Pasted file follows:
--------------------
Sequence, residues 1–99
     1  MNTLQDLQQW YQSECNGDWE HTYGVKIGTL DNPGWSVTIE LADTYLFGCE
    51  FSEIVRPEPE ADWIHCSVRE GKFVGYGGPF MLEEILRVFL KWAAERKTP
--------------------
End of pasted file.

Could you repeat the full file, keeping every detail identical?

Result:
Sequence, residues 1–99
     1  MNTLQDLQQW YQSECNGDWE HTYGVKIGTL DNPGWSVTIE LADTYLFGCE
    51  FSEIVRPEPE ADWIHCSVRE GKFVGYGGPF MLEEILRVFL KWAAERKTP